Game Review: The Legend of Zelda: Link's Awakening (Switch) | NintendoSoup
Game Review: The Legend of Zelda: Link’s Awakening (Switch)

Game Review: The Legend of Zelda: Link’s Awakening (Switch)

Grezzo, the developer behind the 3DS remakes of Ocarina of Time and Majora’s Mask, has arrived on the Switch with their latest remake of Nintendo’s revered series: a ground-up remake of the classic GameBoy title, Link’s Awakening.

Despite the game’s title, The Legend of Zelda: Link’s Awakening does not feature an appearance from Princess Zelda. Instead, the game takes place on a small island called Koholint. After washing ashore following a horrible storm, an owl appears, urging Link to collect 8 instruments and awaken the Wind Fish, who sleeps in a spotted egg at the top of the mountain.

And so, Link heads off into the wide world. Being practically a 1:1 remake, Koholint will seem intimately familiar to those who poured countless hours into the 1993 classic. At the beginning of the game, much of the island is closed off to Link, due to the placement of bushes, trees, holes, and rivers. As you gather more items and abilities, it gets a bit more easy to travel around the island, but even with every tool in your bag, navigating around Koholint can feel rather cumbersome.

Which isn’t to say the moment-to-moment gameplay isn’t good. The overworld is packed with enemies, secrets, and a healthy variety of environs, from swamps and mountains, to graveyards and beaches. But most of the time, the overworld will be the area that you trudge through dutifully in order to reach the game’s main attractions: the dungeons.

There are 8 in total, each one more complicated and challenging than the last. As expected in a Zelda game, each dungeon has its own gimmicks and puzzles. While the atmosphere of each dungeon can feel a tad same-y compared to the variety in Link’s bigger, badder 3D adventures, that doesn’t make them any less enjoyable to conquer. Of particular note are the 2D segments, where secret passageways in dungeons are traversed from a side-scrolling perspective. Hopping on Goombas as Link is a surreal experience, but a fun one.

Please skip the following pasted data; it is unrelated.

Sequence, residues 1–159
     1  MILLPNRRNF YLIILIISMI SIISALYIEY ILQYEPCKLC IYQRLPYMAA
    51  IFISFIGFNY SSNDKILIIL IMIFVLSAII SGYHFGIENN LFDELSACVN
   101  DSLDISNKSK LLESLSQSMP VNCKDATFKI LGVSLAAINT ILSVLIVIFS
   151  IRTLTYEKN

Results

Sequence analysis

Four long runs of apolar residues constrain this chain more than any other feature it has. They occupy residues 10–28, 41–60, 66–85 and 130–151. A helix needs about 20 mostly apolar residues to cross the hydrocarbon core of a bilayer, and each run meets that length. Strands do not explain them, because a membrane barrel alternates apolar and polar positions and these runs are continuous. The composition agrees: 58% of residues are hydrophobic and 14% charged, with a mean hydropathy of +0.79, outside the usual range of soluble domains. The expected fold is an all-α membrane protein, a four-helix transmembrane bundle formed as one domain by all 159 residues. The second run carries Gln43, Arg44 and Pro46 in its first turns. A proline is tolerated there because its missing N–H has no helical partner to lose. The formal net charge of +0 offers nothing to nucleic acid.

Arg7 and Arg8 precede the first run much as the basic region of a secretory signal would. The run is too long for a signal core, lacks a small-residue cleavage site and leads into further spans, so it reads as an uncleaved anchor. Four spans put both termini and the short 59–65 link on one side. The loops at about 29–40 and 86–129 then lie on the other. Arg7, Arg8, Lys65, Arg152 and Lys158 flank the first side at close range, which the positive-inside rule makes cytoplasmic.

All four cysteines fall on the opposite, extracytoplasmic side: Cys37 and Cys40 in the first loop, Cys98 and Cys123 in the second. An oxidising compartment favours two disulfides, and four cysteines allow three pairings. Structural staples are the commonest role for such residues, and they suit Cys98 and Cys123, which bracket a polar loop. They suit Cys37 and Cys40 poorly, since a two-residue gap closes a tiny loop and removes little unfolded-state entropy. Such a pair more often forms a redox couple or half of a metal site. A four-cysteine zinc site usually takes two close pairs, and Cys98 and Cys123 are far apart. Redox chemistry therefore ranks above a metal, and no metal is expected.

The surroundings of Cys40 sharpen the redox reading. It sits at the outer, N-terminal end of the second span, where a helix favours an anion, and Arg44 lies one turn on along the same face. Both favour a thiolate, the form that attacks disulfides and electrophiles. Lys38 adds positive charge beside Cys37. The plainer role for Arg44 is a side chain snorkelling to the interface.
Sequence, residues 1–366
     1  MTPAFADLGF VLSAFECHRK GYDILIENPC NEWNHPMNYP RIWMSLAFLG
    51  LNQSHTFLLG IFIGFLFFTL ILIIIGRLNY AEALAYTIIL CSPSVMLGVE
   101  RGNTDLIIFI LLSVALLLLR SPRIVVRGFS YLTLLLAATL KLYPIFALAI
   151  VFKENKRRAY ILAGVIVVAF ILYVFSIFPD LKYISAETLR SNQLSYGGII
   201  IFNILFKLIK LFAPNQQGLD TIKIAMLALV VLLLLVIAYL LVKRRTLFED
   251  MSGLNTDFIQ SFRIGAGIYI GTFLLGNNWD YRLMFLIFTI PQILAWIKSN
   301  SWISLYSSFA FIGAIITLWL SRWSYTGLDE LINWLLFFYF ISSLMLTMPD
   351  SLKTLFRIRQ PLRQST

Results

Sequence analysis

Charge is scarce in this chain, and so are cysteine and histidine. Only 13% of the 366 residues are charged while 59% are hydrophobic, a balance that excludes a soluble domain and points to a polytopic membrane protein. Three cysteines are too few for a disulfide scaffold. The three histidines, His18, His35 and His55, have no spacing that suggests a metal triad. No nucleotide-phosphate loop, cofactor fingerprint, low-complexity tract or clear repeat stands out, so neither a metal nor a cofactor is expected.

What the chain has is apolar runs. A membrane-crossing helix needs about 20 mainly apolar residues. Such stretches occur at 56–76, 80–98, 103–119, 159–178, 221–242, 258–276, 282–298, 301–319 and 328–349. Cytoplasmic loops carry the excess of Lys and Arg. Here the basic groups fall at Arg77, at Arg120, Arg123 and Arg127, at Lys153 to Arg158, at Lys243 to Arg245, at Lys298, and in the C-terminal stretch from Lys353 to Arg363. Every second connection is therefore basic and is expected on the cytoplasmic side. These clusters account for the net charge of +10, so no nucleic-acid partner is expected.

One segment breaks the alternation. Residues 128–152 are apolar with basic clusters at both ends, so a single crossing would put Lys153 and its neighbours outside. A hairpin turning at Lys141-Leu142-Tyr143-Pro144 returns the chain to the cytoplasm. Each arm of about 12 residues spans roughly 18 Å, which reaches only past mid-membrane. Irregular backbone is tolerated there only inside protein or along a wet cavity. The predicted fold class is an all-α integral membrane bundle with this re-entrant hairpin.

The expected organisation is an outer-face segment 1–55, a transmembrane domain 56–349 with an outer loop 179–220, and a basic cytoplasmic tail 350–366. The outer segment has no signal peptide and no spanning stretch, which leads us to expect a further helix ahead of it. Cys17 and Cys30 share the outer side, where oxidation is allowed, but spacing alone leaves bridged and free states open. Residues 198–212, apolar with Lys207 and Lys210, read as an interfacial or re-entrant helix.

As I played through the game, I was surprised to find that (aside from the occasional head-scratching clue that sent me searching for a walkthrough) Link’s Awakening is a fairly easy game. Aside from a few tricky puzzles in late-game dungeons, most of the adventuring, combat and exploration was a breeze, with some of the boss fights being laughably short-lived. Now I firmly believe that there’s nothing wrong with easy games, but if you’re looking for a challenge, you won’t find much of it here.

On the presentation side of things, Link’s Awakening does a swell job. The graphical style is a delight, with characters that look like toys and a world that feels like a diorama. Everything feels polished, in both a literal and figurative sense: trees, characters, and objects have a shiny plastic look. The frame rate is a fairly solid 60fps, with the exception of an early-game swampy area where it drops hard to 30fps. The soundtrack is great too, with a mixture of recognizable themes, and new tunes that will stick in your head for hours.

As Link progresses through the game and collects instruments, the game reveals hints that Koholint Island may hide some secrets. There’s really just one secret: one major twist to the game’s story. While there are no villains or evil plots, no world in need of saving, Link’s Awakening manages to have an interesting story in its own right. But even though it’s unorthodox for a Zelda story, the plot is still extremely simple overall.

And it’s over before you know it. Despite being a full-priced game, it’s over in under 15 hours. You can scour the world for buried seashells, or rearrange rooms in the dungeon maker (the only major “new” feature in the remake), but Link’s Awakening is still a GameBoy game at its core. It feels like a bite-sized portable version of a “real” Zelda game.

And in spite the source material’s age and flaws, Link’s Awakening manages to make itself worth your time. There’s undeniable charm in this quirky little game. So whether you played the original as a kid and want to relive the past, or you’re a modern Zelda fan curious about Link’s classic adventures, Link’s Awakening gets my recommendation—although it would be easier to recommend if it was budget-priced.

PROS

  • A faithful remaster
  • Top-notch graphics and audio
  • A classic Zelda experience

CONS

  • Won’t pose much of a challenge
  • A bit short for a $60 game

SOUP VERDICT: This nostalgic soup will warm your belly, and your heart.

7/10
7/10

A download code was provided by Nintendo for the purposes of this review.